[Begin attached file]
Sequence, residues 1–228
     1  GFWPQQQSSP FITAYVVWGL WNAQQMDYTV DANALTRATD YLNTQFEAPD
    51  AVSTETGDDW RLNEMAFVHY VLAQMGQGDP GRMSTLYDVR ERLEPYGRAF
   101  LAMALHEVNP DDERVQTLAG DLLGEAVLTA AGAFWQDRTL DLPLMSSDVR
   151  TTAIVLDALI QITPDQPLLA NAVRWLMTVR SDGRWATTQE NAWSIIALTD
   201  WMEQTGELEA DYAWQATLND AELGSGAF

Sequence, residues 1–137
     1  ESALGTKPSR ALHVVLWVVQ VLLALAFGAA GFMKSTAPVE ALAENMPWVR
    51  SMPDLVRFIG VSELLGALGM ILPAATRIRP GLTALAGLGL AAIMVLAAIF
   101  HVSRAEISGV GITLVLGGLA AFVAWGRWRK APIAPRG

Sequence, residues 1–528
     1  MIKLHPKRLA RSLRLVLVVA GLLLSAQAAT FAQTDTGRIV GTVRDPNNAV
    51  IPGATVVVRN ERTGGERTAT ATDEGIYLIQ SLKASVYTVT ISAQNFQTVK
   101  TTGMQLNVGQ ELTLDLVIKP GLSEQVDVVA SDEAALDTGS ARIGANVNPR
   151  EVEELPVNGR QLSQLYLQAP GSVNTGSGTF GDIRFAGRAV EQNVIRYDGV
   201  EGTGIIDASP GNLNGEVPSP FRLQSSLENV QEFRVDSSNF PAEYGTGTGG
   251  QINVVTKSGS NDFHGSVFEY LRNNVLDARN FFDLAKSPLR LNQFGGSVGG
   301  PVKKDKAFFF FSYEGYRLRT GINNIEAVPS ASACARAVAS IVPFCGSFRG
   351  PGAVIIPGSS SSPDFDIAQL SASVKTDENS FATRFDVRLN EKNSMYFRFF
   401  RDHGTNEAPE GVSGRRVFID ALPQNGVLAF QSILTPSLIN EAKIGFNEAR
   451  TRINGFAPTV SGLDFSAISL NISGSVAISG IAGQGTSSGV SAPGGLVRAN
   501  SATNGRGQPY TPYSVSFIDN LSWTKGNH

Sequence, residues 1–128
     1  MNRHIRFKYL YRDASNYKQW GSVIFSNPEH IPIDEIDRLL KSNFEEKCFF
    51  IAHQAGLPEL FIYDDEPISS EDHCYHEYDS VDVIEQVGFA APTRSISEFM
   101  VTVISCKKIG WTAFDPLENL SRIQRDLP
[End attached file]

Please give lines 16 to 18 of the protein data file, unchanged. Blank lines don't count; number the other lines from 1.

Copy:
   201  EGTGIIDASP GNLNGEVPSP FRLQSSLENV QEFRVDSSNF PAEYGTGTGG
   251  QINVVTKSGS NDFHGSVFEY LRNNVLDARN FFDLAKSPLR LNQFGGSVGG
   301  PVKKDKAFFF FSYEGYRLRT GINNIEAVPS ASACARAVAS IVPFCGSFRG